The Boston Bruins have plenty of items still remaining on their offseason checklist and one of them is now taking care of RFA Pavel Zacha after he filed for salary arbitration on Sunday afternoon.
NHLPA announces 24 players elect Salary Arbitration: https://t.co/YIbbKgCkl0
— NHLPA (@NHLPA) July 17, 2022
There wasn’t much of a surprise that the 6-foot-3, 210-pound center filed for arbitration as that may have been one of the driving forces behind New Jersey looking to deal the 25-year-old pivot coming off 15 goals and 36 points in 70 games last season. As is the case in most of these arbitration proceedings, one would expect that both the Bruins and Zacha’s camp are going to work something out prior to things actually getting to the late summer arb hearing.
For the Devils, they acquired a versatile forward in Erik Haula with cost certainty next season ($2.375 million) for a player in Zacha that’s looking for a raise from his $2.25 million salary coming off a three-year bridge contract.
It remains to be seen where Zacha is going to fall salary-wise when he either signs or goes through the arbitration process, but there’s no doubt it will be upwards of $3 million per season based on his past performance. In fact, it will be interesting to watch the negotiations for Zacha and Pittsburgh Penguins forward Kasperi Kapanen as they both have produced similar stats to this point in their careers after being first round picks.
Zacha agreed to a one-year, $3 million qualifying offer prior to being traded to Boston, so his arbitration ask will undoubtedly be north of that while the two sides work on a possible longer-term agreement.
“I feel there’s growth and potential there moving forward. We hope to be able to find a deal with him being part of the organization now and beyond, that remains to be seen how long that is,” said Don Sweeney of Pavel Zacha, who has actually already been making his home in Boston for the last couple of summers. “Just felt like it was an opportunity for now and potentially moving forward. We identified a player that fit into our organization that we’re excited about.
“He’s more than comfortable playing all three positions and being productive. I think he sees himself as a center and he’s excited to be joining the Boston Bruins. Down the road, he’s definitely a center. I think that helps us if we’re able to find the term and agreement.”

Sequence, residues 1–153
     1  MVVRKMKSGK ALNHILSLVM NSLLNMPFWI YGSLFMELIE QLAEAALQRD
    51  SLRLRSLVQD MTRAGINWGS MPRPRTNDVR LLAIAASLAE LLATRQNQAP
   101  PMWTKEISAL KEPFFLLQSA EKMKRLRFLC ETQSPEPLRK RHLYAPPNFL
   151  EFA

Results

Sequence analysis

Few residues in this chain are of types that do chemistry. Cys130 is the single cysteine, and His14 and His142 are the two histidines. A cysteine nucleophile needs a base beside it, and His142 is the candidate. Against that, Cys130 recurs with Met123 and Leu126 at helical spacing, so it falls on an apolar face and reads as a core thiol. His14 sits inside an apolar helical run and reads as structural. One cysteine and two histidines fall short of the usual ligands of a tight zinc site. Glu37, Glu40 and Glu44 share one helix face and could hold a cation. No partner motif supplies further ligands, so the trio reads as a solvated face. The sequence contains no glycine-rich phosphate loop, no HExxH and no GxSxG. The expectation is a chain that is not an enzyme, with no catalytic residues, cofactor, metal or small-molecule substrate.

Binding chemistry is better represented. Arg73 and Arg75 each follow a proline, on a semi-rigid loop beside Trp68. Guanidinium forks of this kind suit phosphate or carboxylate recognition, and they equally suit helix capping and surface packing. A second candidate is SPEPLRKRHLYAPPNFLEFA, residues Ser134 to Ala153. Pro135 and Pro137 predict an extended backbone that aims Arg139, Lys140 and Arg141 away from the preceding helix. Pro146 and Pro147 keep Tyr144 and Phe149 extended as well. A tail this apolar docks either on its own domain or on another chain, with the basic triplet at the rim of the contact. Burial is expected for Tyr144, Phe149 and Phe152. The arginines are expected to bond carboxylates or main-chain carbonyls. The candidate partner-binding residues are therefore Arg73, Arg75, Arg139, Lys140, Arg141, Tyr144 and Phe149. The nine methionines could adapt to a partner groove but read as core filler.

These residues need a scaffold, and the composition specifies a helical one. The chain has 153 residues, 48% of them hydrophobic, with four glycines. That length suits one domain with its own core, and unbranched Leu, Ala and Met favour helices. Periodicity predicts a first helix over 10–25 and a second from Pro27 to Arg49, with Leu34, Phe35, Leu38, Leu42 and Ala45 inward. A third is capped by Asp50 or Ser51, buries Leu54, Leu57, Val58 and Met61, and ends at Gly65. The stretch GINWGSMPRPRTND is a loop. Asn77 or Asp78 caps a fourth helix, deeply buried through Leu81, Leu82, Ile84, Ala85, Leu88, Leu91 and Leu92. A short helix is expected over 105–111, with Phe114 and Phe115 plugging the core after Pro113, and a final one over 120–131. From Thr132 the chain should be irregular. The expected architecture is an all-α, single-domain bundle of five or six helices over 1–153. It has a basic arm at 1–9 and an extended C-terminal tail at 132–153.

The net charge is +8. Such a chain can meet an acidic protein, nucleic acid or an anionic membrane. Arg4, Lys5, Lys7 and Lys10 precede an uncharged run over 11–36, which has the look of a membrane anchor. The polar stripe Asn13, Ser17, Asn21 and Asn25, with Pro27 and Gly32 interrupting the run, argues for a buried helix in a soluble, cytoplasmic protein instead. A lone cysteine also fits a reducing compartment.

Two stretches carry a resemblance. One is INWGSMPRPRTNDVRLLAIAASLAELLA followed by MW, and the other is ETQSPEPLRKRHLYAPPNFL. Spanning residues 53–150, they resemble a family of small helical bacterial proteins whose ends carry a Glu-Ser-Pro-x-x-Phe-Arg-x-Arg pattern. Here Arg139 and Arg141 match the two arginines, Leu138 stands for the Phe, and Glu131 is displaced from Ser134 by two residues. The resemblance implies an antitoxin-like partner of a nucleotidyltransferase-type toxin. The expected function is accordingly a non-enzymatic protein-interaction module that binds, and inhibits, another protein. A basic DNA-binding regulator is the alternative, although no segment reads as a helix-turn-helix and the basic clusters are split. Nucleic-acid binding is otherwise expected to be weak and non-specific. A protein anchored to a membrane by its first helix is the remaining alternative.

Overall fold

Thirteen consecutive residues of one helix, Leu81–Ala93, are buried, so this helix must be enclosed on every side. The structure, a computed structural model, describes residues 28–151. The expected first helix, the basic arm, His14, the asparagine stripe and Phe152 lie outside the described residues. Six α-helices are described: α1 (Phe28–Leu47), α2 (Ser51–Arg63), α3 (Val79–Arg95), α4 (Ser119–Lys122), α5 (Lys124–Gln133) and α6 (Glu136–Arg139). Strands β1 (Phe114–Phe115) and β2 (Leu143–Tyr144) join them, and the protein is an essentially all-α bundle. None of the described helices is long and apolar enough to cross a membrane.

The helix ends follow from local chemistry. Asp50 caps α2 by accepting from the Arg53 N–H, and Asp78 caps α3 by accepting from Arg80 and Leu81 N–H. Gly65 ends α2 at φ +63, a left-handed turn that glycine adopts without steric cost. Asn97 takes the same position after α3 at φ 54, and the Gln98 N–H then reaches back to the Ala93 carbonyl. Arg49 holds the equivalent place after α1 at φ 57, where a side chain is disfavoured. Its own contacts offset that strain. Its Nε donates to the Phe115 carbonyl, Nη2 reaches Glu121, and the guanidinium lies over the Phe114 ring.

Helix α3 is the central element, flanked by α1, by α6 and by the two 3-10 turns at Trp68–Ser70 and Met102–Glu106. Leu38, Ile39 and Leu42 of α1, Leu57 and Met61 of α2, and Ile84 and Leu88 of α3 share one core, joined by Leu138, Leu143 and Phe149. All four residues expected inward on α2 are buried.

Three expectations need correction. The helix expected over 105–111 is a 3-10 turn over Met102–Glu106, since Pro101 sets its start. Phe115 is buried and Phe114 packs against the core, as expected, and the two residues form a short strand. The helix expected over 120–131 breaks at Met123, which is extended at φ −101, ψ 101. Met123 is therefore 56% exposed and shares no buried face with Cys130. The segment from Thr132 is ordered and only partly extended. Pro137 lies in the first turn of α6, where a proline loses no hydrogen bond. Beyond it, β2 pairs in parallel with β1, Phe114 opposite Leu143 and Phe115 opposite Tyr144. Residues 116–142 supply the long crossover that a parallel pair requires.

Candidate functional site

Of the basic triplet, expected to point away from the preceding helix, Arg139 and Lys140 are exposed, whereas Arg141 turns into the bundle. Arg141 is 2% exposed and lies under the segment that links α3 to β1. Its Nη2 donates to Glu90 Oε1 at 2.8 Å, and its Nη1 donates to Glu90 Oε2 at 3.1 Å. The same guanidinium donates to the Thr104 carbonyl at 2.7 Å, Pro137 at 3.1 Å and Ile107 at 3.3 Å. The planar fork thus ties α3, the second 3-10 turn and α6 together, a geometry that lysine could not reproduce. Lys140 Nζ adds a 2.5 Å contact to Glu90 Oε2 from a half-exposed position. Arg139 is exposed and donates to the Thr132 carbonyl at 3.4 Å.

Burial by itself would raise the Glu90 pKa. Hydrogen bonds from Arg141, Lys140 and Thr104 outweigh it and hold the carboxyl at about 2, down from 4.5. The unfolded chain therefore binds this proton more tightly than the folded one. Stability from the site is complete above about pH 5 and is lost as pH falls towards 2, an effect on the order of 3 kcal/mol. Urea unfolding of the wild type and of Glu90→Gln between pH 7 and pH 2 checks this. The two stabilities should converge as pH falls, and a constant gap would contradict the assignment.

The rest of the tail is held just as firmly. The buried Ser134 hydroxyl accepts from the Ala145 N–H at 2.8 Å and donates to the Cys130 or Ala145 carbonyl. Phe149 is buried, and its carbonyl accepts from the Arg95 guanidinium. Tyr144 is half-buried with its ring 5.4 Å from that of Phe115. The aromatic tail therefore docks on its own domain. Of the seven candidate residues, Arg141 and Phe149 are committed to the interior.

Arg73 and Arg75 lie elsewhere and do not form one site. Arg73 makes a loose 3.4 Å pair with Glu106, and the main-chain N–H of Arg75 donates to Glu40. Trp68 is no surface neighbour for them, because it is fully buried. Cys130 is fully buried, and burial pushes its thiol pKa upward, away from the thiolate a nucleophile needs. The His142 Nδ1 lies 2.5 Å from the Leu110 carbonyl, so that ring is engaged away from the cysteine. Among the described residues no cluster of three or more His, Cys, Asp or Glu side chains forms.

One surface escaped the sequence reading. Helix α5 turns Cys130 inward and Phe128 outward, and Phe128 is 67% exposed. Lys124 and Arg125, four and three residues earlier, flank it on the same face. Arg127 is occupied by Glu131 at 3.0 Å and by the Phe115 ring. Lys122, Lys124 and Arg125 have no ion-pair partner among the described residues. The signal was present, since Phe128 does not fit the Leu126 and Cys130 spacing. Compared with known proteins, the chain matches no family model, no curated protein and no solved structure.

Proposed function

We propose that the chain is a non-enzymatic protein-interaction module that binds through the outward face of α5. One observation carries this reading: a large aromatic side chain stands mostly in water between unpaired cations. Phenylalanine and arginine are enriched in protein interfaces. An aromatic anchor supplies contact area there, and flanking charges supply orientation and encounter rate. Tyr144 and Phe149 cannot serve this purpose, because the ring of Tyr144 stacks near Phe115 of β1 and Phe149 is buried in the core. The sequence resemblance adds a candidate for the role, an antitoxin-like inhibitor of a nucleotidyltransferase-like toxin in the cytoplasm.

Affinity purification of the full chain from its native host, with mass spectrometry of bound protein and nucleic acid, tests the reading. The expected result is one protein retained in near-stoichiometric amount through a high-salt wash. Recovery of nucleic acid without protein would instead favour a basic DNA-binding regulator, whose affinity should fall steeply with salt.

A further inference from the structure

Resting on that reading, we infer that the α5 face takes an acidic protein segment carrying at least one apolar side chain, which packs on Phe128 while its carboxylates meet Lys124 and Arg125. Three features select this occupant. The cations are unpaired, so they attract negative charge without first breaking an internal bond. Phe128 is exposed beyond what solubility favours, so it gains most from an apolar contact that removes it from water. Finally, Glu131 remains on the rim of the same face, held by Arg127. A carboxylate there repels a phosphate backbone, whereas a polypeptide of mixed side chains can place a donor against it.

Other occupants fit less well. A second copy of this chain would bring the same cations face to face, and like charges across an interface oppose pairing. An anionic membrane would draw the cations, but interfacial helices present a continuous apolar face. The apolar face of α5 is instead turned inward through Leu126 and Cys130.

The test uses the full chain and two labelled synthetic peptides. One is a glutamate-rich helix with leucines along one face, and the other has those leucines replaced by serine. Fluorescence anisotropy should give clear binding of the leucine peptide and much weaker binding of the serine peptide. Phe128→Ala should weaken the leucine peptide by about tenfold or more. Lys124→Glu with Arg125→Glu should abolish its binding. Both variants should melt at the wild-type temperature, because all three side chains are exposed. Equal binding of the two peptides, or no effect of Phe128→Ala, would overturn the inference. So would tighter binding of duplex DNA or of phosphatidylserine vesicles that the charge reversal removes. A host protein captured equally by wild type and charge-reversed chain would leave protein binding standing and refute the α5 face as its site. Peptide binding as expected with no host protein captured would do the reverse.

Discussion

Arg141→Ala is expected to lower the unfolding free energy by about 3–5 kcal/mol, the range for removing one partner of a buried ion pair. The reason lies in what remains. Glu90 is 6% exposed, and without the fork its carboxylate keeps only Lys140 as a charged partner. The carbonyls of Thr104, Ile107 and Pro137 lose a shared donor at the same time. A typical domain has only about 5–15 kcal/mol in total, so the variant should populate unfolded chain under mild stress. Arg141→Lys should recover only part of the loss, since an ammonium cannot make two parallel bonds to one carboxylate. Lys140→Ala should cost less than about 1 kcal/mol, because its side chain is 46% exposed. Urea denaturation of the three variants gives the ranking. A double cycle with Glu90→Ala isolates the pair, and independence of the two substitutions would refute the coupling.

The real challenge for the Boston Bruins is the current $2.3 million available in cap space with contracts still yet to finalized for Zacha, or for veteran centers Patrice Bergeron and David Krejci as they both remain unsigned a week into free agency. Both players will sign a lower salary one-year deals with incentives based on their age and experience level, but the Boston Bruins currently don’t even have enough cap space for that.
Sure, the B’s can go over the salary cap during the summertime with free agent signings and have IR cap space to play with given that at least rehabbing Boston Bruins Brad Marchand, Matt Grzelcyk and Charlie McAvoy won’t be ready to play when the regular season opens in October.
Beyond the incumbent NHL players, there’s also RFA Jack Studnicka after Jack Ahcan and Matt Filipe signed one-year deals with the Boston Bruins over the last few days. Ahcan will undoubtedly be one of Boston’s injury replacement, depth D-men at the start of the 2022-23 NHL season. Boston walked away from a pair of players in Zacha’s position last season when both Nick Ritchie and Ondrej Kase were due raises off their RFA contracts, and the Boston Bruins walked away from both of those players before they signed with the Maple Leafs.
Don’t expect history to repeat itself here, though, as the Boston Bruins have high hopes for Zacha after investing in a mid-20’s, top-6 type center that fills a big time need for them between aging pivots Bergeron and Krejci, third line center Charlie Coyle and a number of young center prospects like Studnicka that haven’t fully been able to make the NHL jump as of yet. Zacha’s agent, Darren Ferris, and the Boston Bruins can continue to negotiation up until the scheduled hearing, which will be sometime between July 27-August 11.